Teldrassil is another example. The World Tree, the capital of night elf civilization. A living attachment which is never questioned. By taking it, Sylvanas shatters the established order, creates chaos and confusion. She acts according to Lao Tzu, dumping the water from the bowl so it may be filled anew, tearing down the established order to make room for a new one. To make space for the Horde’s future.

Only Sylvanas didn’t quite conquer Teldrassil, did she?

Now He’ll Understand

“You must be ready to burn yourself in your own flame. How could you rise anew if you have not first become ashes?” — Friedrich Nietzsche

We relate the aesthetic of Buddhism to pretty and peaceful things, which makes us forget it is a philosophy primarily concerned with suffering, despair, and the quest for annihilation. Friedrich Nietzsche gets the opposite treatment, being associated with the aesthetic of nihilism and angst-fueled teenagers. Yet I’ve not found a philosophy more full of beauty and laughter than Nietzsche’s.

In the moments before she commits an act that changes Azeroth forever, Sylvanas Windrunner stands on a beach, in the shadow of the World Tree, in the dissonant calm that follows a desperate battle. She engages in a philosophical debate with a defeated night elf captain, who questions her motives.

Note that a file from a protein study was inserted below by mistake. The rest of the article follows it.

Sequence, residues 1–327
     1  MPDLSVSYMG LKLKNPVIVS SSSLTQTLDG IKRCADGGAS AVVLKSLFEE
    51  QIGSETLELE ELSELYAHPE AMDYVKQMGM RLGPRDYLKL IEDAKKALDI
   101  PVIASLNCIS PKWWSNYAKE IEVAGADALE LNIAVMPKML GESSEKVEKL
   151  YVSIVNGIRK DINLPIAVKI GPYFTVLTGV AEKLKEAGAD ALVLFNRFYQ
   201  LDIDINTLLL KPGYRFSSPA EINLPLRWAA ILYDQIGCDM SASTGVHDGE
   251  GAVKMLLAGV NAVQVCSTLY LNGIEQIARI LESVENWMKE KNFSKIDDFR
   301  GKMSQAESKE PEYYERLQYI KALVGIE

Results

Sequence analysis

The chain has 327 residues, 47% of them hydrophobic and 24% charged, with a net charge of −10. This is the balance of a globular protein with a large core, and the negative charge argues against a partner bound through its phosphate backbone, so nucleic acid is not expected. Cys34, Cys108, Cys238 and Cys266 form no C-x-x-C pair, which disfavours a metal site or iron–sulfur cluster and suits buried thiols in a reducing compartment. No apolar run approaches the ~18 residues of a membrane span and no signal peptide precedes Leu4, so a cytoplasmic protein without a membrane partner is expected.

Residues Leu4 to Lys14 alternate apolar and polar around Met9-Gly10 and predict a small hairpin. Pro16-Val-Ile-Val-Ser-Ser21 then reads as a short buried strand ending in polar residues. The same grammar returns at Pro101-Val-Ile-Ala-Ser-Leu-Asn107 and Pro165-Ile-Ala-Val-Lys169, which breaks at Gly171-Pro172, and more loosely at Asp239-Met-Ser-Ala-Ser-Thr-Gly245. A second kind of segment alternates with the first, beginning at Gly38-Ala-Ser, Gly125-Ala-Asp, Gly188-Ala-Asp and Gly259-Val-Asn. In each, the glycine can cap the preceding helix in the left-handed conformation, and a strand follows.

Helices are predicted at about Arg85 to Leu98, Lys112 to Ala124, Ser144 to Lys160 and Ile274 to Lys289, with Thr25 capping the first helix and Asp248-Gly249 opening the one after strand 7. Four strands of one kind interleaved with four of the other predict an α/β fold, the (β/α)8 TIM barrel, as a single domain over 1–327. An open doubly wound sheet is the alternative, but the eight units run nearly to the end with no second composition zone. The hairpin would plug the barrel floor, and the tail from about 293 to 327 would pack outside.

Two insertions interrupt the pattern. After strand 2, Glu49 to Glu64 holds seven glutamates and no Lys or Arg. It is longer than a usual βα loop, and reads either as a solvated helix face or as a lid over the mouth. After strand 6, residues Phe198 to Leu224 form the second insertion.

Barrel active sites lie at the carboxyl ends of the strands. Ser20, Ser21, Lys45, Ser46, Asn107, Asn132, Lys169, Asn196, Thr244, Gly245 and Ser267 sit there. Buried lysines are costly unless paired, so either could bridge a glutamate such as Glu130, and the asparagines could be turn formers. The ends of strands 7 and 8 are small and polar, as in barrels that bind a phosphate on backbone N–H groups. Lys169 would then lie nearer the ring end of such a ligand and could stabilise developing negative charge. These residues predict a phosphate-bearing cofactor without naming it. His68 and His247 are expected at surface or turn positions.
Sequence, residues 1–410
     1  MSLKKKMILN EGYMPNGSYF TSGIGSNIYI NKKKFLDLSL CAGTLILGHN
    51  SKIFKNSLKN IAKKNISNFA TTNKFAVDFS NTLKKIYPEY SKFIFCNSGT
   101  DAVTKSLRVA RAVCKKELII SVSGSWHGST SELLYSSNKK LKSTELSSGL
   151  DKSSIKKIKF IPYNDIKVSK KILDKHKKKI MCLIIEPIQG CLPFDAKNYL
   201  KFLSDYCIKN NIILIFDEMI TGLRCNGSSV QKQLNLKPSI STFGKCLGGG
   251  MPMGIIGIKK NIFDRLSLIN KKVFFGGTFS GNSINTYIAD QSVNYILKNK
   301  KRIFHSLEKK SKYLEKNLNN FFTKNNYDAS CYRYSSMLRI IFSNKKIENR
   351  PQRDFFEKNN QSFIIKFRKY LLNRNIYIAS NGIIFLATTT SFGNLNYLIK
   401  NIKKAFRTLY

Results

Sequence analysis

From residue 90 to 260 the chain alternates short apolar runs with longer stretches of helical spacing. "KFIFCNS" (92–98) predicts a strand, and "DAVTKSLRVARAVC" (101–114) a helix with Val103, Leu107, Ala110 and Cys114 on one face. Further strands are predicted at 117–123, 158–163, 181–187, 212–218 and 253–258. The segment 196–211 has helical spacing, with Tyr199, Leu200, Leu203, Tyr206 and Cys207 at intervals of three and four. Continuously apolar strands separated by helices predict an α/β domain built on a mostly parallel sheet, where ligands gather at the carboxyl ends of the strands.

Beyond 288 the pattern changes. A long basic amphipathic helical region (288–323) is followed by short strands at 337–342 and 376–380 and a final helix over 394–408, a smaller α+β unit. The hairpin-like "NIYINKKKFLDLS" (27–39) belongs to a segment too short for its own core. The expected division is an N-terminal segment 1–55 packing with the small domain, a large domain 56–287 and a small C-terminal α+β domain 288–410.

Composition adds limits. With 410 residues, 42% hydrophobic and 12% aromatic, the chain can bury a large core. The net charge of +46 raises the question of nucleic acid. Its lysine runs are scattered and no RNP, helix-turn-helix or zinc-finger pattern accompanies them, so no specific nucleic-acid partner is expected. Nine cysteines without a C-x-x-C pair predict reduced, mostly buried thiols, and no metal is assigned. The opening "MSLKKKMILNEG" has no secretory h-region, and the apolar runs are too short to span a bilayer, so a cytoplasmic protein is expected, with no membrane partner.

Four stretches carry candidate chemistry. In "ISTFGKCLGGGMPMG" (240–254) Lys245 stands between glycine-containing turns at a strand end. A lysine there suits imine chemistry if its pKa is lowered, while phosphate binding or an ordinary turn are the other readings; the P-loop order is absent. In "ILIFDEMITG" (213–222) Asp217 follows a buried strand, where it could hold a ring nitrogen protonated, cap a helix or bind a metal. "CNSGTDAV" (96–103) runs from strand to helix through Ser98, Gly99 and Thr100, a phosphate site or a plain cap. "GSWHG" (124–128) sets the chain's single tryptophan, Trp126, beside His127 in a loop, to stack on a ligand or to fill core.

“Life is pain. Hope fails. Now he’ll understand.”

“He” is High King Anduin Wrynn, Windrunner’s counterpart on the Alliance. Though he is her main enemy, and has certainly grown to hate her, she has no hatred for him. She views him only with mild exasperation, as if he were a wayward child. Which he arguably is, especially in comparison to Sylvanas.

Anduin, just on the cusp of adulthood, is naive, emotional, and a religious zealot. Though he has high-minded ideals, many of his decisions are poorly thought out, and Sylvanas bemoans the positions he puts her in. She misses his capable father, Varian. It speaks volumes that Sylvanas would rather face off against an opponent with a great chance of defeating than one who exposes his own weak spots. She chooses to take advantage of his weakness–her duty to the Horde demands it–but she would prefer a fair fight.